Losing a Friend.


I looked up, jerked away from my thoughts. The checkout guy at the grocery store was looking at me.

“I’m sorry. What did you say?”

“I asked if you had any fun plans this afternoon.”  I looked down at the checkout conveyor belt next to me, piled high with lettuce, sour cream, salsa, cheese, and tortillas.

“Making a lot of tacos, I guess.”

“Well, that does sound like fun!”  The checkout guy responded cheerily. I smiled politely, but didn’t respond. It wasn’t really going to be fun making these tacos, but I didn’t want to explain why. They were for one of my favorite families in the world, but not for a celebration.

Just yesterday morning, Alex and I sat at church, sharing a row with this family. There were seventeen of them, so they took up the better part of two rows with just enough room left for Alex and myself. Today, though, there are only sixteen. Yesterday, our dear friend, Jenny, wife and mother of fifteen, died tragically.

It is so odd to even type that, because I’m still having so much trouble wrapping my mind around the fact that it is true. I’ve felt like I’ve been in some sort of fog ever since I found out, so much so that I think I honestly convinced myself once or twice that I was probably just dreaming.

I’ve never had someone close to me die unexpectedly before, and the fact that it is Jenny makes it so much harder to fathom. She was the most full of life person I have ever known, which makes it impossible to think of life going on without her.

I know I am only one of many people who considered Jenny a friend and mentor. She was just that kind of person. I only hope she knew how much of an impact she had on me. There have been three major decisions that I have made with my husband since we married and moved here to Iowa, and God gave Jenny a big role in all three—more than she probably realized.

The first happened almost exactly three years ago. I was newly married and new to the area, finishing up an internship and looking for a job in ministry. We hadn’t found a church home, and I was attending a women’s Bible study with my sister-in-law, which was led by Jenny’s sister. I was in the middle of sharing a prayer request with the group about looking for a ministry job in town when Jenny burst into the room, in true Jenny fashion. She rambled off some story about how she was driving down the road and really had to use the restroom, and remembering that her sister was leading a Bible study here, she thought she would stop and a quick bathroom break and “Hello” … yada, yada, yada.

She said she could stay for just a minute, but told us to go on with what we had been doing. So, I continued where I left off, asking for prayer for a job to become available. Jenny interjected again.

“What kind of ministry?”

“Um, well I have a degree in Youth Ministry & Christian Education. So, something with kids or teens.”

Jenny smiled. “Perfect. My church is looking for a Children’s Ministry Director. I think you should apply. Marantha Bible Church. Check the website.”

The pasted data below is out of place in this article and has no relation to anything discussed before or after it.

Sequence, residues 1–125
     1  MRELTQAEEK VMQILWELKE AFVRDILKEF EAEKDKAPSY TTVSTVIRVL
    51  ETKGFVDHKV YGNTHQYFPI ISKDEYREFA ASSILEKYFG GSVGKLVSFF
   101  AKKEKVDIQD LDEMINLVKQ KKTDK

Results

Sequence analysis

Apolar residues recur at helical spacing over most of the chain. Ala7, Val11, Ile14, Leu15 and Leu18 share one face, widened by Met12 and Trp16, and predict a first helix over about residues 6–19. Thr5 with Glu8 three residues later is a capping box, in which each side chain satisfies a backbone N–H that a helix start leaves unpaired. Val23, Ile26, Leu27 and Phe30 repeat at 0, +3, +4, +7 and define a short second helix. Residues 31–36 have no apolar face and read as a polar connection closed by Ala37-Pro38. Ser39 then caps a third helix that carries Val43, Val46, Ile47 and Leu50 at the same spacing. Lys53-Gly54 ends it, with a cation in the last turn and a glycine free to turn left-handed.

And just like that, she was up and out the door as quickly as she had come. The next day, I was sitting in the office of that church’s pastor, handing him my resume. A few weeks later, I was moving into the office next to his, with a fantastic job in Children’s Ministry and a new church family.

The second decision came about a year ago. We had become friends with the family since that first chance interaction, and Jenny and her husband, Brad, invited Alex and me to breakfast at this awesome Cuban restaurant downtown. We were in the very early stages of considering adoption and hadn’t told a soul. We had been researching it, but felt like we had a long ways to go before we understood the process enough to consider beginning. At least a year. Yet, the invitation to breakfast with these two seemed like some sort of divine providence (as I now know it was). Brad and Jenny had fifteen children, including eight adopted. We decided to share with them our thoughts and get their opinion.

“Do it,”  They said without hesitating. “Do it now. Don’t wait until you feel ‘ready’ or like you understand what you are doing, because that day will never come. Just do it. God will show you how.”

Our breakfast date rolled into a lunch date, and we ate and drank and listened to their stories about God’s provision throughout their nine adoptions. A few weeks later, we were signing a contract with an adoption agency.

The third decision came last October. We were in the early stages of our adoption, and were sitting around our dining room table with Brad, Jenny, and another adoptive couple in our church. We were planning a children’s event at our church for Orphan Sunday—something we had never done before. As tends to happen when you get adoptive families together, the conversation quickly turned from the topic at hand to our own adoption processes. Alex and I had already decided at this point to pursue a special needs adoption, but I was still more than a little terrified about this.

But something changed that night. I listened to Jenny describe her own adopted children with special needs, and I realized something. Jenny had always seemed like some sort of Superwoman to me. Mother to fifteen, incredible wife, and a lover of the Lord unlike anyone I had ever known. There was something special about her, and I felt that I could never be that—I especially could never be a mother to a special needs child the way she could. Listening, though, I realized that Jenny didn’t see herself that way. She saw herself as a regular person who just said “yes” to the Lord when it would have made much more practical sense to say “no”. I remember her talking about how she wondered how many people missed out on amazing gifts from the Lord (like her fifteen precious children) because they were too afraid to say “yes”.

If you have been reading this blog for long, you know that this is something that has stuck with me ever since. On that day I decided I wouldn’t let myself be stopped by fear. I would say “yes” to God and see where the adventure took me, just like it had taken Jenny.

That third decision is why we said “yes” to adopting Baby M just a few weeks later. It is why, when that fell through, we abandoned a lot of what made practical sense to answer the call to adopt Baby W instead.

It breaks my heart to know that after all of that, Jenny won’t get to meet Baby W when we bring him home. She won’t be there to answer my thousands of adoption questions like she has so far, to come to help with our fundraising events like she did in the past, or to go on more double dates for Cuban food. Even more so, it breaks my heart that this incredible family that she pulled together from all over the world is now missing her.